In exchange, the complaint alleged, the wife agreed that she would later "provide the Residuary Beneficiaries with the value of their interest in the Residuary Estate at a later date." How and when she would do so was not stated in the opinion.

The other beneficiaries later sued her for breach of contract, fraud, conversion, etc. for apparently failing to follow through. The complaint alleged that she "retained the 40% of the residuary estate" rather than passing it back to them.

The probate court dismissed the complaint for failure to state a claim. (Under that rule, the court considered only the allegations made in the complaint, and did not refer to any facts or documents.) The court reasoned that a disclaimer under section 2901 of the Estates and Protected Individuals Code is, by its very nature, a release of any interest in the subject property. The disclaimer would be inconsistent with the retention of any interest sufficient to support a breach of contract claim.

The Court of Appeals reversed. It found that enough had been alleged to raise a factual issue. In particular, it held, the probate court needed to determine whether the agreement had been made, and what the terms were. It went on to note, however, that if the facts as alleged were to be established, this would make the purported disclaimers void ab initio (from the outset). This would mean that they would be regarded as not taking effect, and the estate and its beneficiaries would be returned to the position they had been before this agreement was put into effect.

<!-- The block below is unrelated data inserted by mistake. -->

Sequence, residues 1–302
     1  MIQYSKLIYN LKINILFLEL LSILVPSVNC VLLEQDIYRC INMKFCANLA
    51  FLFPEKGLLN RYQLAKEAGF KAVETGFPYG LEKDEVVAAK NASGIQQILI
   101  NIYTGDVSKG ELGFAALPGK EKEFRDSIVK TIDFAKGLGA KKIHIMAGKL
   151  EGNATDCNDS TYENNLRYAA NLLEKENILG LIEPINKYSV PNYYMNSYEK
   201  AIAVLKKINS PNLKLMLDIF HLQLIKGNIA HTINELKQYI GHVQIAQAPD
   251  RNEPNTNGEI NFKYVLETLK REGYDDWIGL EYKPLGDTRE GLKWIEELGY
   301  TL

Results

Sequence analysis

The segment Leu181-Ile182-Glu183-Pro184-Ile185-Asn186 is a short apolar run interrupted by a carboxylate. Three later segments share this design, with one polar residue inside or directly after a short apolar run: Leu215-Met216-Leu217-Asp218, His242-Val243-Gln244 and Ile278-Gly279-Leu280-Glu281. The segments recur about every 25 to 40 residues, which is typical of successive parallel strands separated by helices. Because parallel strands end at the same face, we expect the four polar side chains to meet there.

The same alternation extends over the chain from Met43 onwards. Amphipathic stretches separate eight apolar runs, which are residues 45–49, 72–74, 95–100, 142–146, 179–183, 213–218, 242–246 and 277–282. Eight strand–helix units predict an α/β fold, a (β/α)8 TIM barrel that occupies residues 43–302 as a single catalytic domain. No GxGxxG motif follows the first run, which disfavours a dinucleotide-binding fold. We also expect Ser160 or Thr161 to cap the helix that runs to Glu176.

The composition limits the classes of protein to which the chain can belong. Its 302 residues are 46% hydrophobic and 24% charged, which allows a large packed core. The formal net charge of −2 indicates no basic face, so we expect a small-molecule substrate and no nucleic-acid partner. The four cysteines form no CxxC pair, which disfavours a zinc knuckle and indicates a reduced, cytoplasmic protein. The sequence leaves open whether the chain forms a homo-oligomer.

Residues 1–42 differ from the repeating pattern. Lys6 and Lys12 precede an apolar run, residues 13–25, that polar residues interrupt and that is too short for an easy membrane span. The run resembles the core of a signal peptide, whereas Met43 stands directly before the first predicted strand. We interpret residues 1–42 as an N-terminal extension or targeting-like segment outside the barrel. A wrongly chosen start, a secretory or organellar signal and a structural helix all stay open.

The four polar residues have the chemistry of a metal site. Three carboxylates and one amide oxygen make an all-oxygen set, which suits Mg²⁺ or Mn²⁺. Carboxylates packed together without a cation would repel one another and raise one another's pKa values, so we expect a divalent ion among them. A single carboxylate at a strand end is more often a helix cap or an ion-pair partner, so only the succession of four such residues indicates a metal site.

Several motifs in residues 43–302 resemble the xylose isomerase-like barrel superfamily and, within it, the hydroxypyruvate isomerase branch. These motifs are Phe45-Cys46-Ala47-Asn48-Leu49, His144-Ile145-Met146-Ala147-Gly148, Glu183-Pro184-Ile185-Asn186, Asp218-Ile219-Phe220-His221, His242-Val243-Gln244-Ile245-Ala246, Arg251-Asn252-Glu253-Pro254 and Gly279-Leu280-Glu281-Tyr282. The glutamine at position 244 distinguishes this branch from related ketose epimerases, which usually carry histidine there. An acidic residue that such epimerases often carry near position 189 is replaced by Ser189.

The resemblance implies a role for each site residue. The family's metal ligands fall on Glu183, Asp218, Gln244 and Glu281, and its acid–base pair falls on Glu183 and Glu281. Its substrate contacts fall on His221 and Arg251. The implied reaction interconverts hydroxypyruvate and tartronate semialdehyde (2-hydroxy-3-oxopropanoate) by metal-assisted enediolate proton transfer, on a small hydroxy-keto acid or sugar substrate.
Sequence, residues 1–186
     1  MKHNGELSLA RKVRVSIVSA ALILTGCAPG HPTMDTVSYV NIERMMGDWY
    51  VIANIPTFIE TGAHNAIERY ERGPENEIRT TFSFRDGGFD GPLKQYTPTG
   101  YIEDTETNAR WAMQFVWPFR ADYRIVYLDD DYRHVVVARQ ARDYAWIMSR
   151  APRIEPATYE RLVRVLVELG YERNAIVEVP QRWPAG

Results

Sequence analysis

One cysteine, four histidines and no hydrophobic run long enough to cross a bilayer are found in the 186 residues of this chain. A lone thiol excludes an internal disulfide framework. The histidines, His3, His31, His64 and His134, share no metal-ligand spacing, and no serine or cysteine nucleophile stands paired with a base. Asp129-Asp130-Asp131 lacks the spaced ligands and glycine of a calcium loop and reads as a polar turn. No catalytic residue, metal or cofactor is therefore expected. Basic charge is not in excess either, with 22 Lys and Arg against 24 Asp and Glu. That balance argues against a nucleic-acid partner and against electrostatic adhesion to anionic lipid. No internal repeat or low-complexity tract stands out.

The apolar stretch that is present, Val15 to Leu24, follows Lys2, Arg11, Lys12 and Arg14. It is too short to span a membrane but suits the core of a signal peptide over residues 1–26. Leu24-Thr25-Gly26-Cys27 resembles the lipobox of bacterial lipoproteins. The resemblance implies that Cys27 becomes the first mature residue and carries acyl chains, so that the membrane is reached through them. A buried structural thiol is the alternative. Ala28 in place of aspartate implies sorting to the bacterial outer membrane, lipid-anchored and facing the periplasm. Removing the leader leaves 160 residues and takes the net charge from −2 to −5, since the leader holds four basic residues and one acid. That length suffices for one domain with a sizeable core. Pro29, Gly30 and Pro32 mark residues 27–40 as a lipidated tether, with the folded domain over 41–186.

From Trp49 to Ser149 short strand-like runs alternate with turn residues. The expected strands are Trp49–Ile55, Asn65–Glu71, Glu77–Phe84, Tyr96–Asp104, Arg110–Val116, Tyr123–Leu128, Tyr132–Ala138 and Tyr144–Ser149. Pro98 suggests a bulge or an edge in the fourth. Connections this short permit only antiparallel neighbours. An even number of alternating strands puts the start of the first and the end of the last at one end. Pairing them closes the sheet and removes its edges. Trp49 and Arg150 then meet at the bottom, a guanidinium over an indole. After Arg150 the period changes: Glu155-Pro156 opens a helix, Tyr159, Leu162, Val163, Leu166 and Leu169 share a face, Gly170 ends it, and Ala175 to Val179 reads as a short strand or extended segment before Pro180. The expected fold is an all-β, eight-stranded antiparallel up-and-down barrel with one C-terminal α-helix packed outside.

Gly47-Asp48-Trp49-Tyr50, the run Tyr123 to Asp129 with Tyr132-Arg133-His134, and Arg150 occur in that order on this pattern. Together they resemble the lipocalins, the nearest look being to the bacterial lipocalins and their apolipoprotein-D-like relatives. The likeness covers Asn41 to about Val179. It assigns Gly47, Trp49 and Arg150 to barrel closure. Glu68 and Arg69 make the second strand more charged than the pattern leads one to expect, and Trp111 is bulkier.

The court noted in a footnote that the purported disclaimer was likely ineffective for its intended purpose of avoiding estate taxes on the property. Quoting from Estate of Monroe v CIR, 124 F3d 699, 705 (5th Cir 1997), it noted that "the acceptance of any consideration in return for making the disclaimer is an acceptance of the benefits of the entire interest disclaimed." It also noted that section 2910 of EPIC provides, for state law purposes, that "The right to disclaim is barred to the extent provided by other applicable law."

Judge Murphy, concurring in part and dissenting in part, noted that the disclaimer agreements had expressly recited (to comply with IRS requirements) that "the petitioners had not received and would not receive any consideration for disclaiming their interests."

Ultimately, he concluded, whichever theory was eventually pursued by the parties and accepted by the court, the agreement was illegal and/or contrary to public policy.

What will happen next? The case was remanded back to the probate court. It appears inevitable that the estate will be reopened, the disclaimers invalidated, and the residuary property will pass to the intended beneficiaries under the will. An amended Form 706 will have to be filed, and the appropriate estate taxes paid. Late filing penalties and interest will undoubtedly be assessed. There would be a very significant chance of criminal charges being filed, at least for the filing of a fraudulent original Form 706. None of those prospective penalties was specifically mentioned in the opinions, but they were surely in mind as the Court of Appeals opinions were written.

The decision